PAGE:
9. Reading this made me tear up and made my heart swell. You’re such an inspiration and I hope you know that. I’ve struggled with how I see myself and how I let it consume my life for years, and while I feel so much healthier now, I still have days where negative thoughts creep in. But you’re right – every second I spend hating and comparing myself is a waste of this beautiful and preciously short life we have.

    Thank you for your vulnerability and honesty, I have no doubt that it’s helping so many women.

  10. Kylie, I LOVE this post and really appreciate your honesty and openness.
    I’ve been reading your blog since late 2012, and while I never had a negative reaction to anything you’ve written, I have noticed your growth. You just seem to “get it.” “It” being food, health, respecting yourself, eating the damn cupcake, and enjoying life. Thank you so much for spreading positivity in this space of yours. I’ve gone through a lot the same regarding body image (honestly, pregnancy – embracing and loving the changes to my body and knowing it was sustaining LIFE – was the ultimate healer, even if I was also on the receiving end of STUPID comments about how “tiny” or how “big” I was; that’s a whole other discussion!).
    Keep breathing and doing what you’re doing, girl. <3

  11. Love this post (and your blog in general). Thank you for writing this!

  12. Thank you so much for writing this post Kylie! My relationship with food is something I am constantly working on… I used to restrict myself from eating certain foods, got frustrated when I ‘couldn’t have them’, and then was mad at myself when I gave in. It was a destructive cycle. And it’s taken some time, but now I feel like I am in a good place where I don’t restrict any certain foods, but eat everything with moderation and I am much happier – and healthier!  And I am so happy to hear you can breathe deep again!  Keep up the amazing work <3

  13. Thank you, thank you, thank you so much for writing and sharing this post! I am just starting to trust intuitive eating, and still fall back into unhealthy binge/restrict cycles, but I this post was exactly what I needed to read. I’m so encouraged by your words and the idea that in the long-term we really can accomplish much more than we imagine we can! I am definitely bookmarking this to read again. THANK YOU and please keep doing what you do! :)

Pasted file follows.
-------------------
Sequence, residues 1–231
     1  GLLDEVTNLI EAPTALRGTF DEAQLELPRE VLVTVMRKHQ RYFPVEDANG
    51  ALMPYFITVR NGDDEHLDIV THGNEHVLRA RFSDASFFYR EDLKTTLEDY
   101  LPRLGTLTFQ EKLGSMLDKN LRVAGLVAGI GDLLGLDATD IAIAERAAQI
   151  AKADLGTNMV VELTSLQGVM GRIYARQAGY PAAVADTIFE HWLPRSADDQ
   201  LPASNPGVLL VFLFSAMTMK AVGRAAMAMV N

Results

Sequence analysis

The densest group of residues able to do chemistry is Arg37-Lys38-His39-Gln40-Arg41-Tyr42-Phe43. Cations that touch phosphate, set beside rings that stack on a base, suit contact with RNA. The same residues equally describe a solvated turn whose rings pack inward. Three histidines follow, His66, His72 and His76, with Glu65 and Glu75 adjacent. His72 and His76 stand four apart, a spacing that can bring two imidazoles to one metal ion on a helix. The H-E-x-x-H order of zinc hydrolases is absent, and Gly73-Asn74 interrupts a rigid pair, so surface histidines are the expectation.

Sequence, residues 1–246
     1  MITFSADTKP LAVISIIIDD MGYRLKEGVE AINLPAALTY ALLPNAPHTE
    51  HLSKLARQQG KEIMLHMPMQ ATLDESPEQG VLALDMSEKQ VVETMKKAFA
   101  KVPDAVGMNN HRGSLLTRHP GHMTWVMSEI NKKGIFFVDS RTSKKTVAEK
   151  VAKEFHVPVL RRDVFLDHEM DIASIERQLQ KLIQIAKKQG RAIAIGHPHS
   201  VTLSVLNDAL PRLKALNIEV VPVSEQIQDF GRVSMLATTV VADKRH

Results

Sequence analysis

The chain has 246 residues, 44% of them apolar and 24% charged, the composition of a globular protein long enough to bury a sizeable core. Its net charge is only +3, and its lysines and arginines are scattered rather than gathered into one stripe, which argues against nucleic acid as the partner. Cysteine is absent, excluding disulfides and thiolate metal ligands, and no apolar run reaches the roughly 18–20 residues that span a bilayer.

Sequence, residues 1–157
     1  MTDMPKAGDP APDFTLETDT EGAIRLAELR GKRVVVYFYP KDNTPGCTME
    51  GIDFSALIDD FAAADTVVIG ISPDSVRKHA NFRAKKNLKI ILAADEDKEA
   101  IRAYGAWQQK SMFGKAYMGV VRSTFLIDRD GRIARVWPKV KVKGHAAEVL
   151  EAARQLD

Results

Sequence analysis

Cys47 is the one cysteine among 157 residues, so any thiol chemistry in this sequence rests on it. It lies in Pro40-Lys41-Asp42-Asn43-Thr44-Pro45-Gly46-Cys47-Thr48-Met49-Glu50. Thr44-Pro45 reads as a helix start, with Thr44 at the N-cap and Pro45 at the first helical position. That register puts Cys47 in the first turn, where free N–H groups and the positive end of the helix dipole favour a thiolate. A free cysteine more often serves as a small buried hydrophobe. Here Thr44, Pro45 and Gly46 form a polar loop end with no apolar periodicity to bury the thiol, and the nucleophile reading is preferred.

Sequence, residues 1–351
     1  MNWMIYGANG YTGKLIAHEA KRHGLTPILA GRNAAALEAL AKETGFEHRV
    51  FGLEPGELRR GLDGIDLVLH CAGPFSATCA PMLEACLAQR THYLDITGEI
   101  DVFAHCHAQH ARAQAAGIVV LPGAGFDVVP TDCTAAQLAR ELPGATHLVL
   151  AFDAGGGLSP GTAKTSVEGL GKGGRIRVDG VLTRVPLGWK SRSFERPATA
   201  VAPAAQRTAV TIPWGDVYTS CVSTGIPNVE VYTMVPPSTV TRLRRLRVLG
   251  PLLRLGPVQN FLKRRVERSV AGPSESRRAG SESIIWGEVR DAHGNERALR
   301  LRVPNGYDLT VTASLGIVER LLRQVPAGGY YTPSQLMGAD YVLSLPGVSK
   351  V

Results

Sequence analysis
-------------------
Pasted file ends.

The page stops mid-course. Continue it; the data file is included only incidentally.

14. Man, I needed to read this today. Truthfully, I needed to read it about two weeks ago, but better late than never, right? I’m 8 months pregnant. This is my first, so all of these body changes are taking a toll on me mentally (not that it’s easier any subsequent time). I can’t thank you enough for being a voice of reason this morning. For reminding me that ‘looking thin’ isn’t important, but that feeling good in my own skin is way more rewarding! Thank you, thank you, thank you!

  15. Thanks so much for sharing this! It took me to getting pregnant and having my son – a tough pregnancy at the end where I gained a ton of water weight through preclampsia – to finally start listening to my body and eating intuitively. It wasn’t until I was pregnant, and later, breastfeeding, that I started to eat what I wanted when I was hungry. It was surprising how I never binged anymore because nothing was restricted. I also lost all the pregnancy weight (over 8 months or so) without dieting – simply by listening to my body and giving it what it needed. It now astonishes me that being “fat” is one of the worst things our culture thinks a person can be.